Six Degrees of Separation – from Pride and Prejudice to Swing Time

It’s time for #6degrees. Join in and thrill us with your clever links!

Given that we’ve recently marked 200 years since Jane Austen’s death, it seemed fitting to begin this month’s chain with the universally loved Pride and  Prejudice.

You may be wondering how I skip from Pride to the Sweet Valley High series by Francine Pascal… It’s via these:

Yes, I have both Jane Austen and Sweet Valley High board games.

Sweet Valley High is set in California, which brings to mind California by Edan Lepucki. I was completely seduced by the cover of this book and paid no regard to what it was actually about before requesting an ARC… which was silly because apocalyptic fiction is really not my thing.

Should have learnt a lesson but did the same with The First Rule of Swimming by Courtney Brkic – loved the cover, obtained an ARC, but still haven’t read it…

Which brings me to Swimming Lessons by Claire Fuller – a gorgeous story in which both swimming and books feature (my favourite things!).

I have a swimming story in my TBR stack that has received lots of positive reviews – The Last Wave by Gillian Best.

The Last Wave seems to be a strong contender for the Not the Booker Prize. I’m using the Booker as my final link to Swing Time by Zadie Smith, which is on this year’s Booker longlist.

From a British classic and a teen classic to cover design, swimming and potential prize winners, that’s #6degrees for another month.

I wonder where other chains will lead? Link up below (or add your link in the Comments section).

Next month (September 2, 2017), we’ll begin with a book that everyone was reading in the nineties, Wild Swans by Jung Chang.

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54 responses

  1. I do love how your six degrees go in all different directions. I couldn’t help myself, I went from Pride and Prejudice to another Jane Austen novel, Sense and Sensibility. Then to The Hate Race by Maxine Beneba Clarke, followed by The Family Man by Catherine Harris. The final two: Anna Karenina by Leo Tolstoy; and The Scarlet Letter by Nathaniel Hawthorne.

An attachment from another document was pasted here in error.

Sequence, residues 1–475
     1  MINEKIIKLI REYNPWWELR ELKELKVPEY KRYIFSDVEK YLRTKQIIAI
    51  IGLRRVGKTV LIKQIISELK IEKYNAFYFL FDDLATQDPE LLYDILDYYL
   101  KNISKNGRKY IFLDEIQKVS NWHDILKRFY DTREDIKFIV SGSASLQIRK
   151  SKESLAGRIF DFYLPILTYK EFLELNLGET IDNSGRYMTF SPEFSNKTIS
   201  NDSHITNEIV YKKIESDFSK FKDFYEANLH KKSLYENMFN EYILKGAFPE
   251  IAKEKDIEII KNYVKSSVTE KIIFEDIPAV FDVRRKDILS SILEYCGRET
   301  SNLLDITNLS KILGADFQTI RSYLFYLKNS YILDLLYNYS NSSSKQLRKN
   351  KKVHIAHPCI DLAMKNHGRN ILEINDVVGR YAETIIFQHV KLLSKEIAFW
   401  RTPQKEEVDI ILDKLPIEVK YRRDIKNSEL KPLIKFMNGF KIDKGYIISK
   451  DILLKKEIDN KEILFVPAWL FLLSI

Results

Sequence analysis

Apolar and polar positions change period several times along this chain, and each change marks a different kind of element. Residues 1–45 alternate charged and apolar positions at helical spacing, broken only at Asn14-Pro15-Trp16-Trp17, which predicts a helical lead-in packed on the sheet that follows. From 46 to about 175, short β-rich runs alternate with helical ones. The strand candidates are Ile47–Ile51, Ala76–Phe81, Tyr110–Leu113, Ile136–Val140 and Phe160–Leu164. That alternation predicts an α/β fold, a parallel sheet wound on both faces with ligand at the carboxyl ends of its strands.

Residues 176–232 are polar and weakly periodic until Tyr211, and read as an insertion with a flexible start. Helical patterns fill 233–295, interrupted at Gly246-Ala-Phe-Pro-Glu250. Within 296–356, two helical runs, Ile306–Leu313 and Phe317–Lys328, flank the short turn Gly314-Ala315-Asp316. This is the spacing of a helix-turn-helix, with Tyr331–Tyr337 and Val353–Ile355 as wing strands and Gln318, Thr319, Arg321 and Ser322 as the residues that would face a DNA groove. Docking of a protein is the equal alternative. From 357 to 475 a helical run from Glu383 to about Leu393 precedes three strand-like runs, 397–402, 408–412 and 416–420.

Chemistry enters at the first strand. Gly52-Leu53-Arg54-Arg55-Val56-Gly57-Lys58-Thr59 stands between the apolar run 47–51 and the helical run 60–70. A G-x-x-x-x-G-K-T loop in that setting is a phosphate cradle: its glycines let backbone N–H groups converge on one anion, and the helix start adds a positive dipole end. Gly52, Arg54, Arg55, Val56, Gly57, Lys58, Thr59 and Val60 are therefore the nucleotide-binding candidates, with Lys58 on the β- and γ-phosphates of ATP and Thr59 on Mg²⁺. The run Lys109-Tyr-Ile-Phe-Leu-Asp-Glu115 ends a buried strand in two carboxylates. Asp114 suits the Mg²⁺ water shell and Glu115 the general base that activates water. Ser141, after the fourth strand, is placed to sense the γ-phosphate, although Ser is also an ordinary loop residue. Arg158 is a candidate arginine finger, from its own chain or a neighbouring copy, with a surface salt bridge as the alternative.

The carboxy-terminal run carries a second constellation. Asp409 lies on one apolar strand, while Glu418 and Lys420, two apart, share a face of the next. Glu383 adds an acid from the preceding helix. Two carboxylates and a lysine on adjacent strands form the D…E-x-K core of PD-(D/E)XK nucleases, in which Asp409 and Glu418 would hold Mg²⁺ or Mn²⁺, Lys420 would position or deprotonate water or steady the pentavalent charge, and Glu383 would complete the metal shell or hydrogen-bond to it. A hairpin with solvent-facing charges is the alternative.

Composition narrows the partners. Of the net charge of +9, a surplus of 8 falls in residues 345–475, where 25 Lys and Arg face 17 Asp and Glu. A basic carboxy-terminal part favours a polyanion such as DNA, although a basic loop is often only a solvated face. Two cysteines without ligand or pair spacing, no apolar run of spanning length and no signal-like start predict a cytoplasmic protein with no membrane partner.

• I was tempted to link to Curtis Sittenfeld’s Eligible which I just finished reading last week but figured when else would I ever get to show off the only two book-related board games I own?!

  2. I never played the board game, but I did devour the Sweet Valley High books as a teenager – I heard this week that they’re going to make a television show based on that series; do you know if that’s true? I also had a fairly random connection between two of my books. I like the sound of California (I quite like apocalyptic fiction), and all the swimming titles.

    • I’m almost certain the game wasn’t available in Australia because I would have had it for sure (I got mine on ebay from th US – my kids play it all the time!). They are making a movie (I included a link in my post Bookish Thoughts this week).

      • Do the standards meet Miss Bingley’s ?
        “No one can be really esteemed accomplished who does not greatly surpass what is usually met with. A woman must have a thorough knowledge of music, singing, drawing, dancing, all the modern languages, to deserve the word; and besides all this, she must possess a certain something in her air and manner of walking, the tone of her voice, her address and expressions, or the word will be but half deserved.”

        “All this she must possess,” added Darcy, “and to all this she must yet add something more substantial, in the improvement of her mind by extensive reading.”

        “I am no longer surprised at your knowing only six accomplished women. I rather wonder now at your knowing any.”

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  5. Great links, Kate. Not surprisingly, I have the P&P boardgame too.

    Wah, re Wild swans. Everyone was indeed reading it in the 90s, including my reading group, but I was living in the USA at the time, keeping in touch but reading other things. I bought the book but still haven’t read it.

  6. I LOVE that you have a SVH board game. Those books were such a big part of my life as a teenager- in retrospect they solidified my feelings of inadequacy and not-beautifulness. But I was addicted. (I was Elizabeth).

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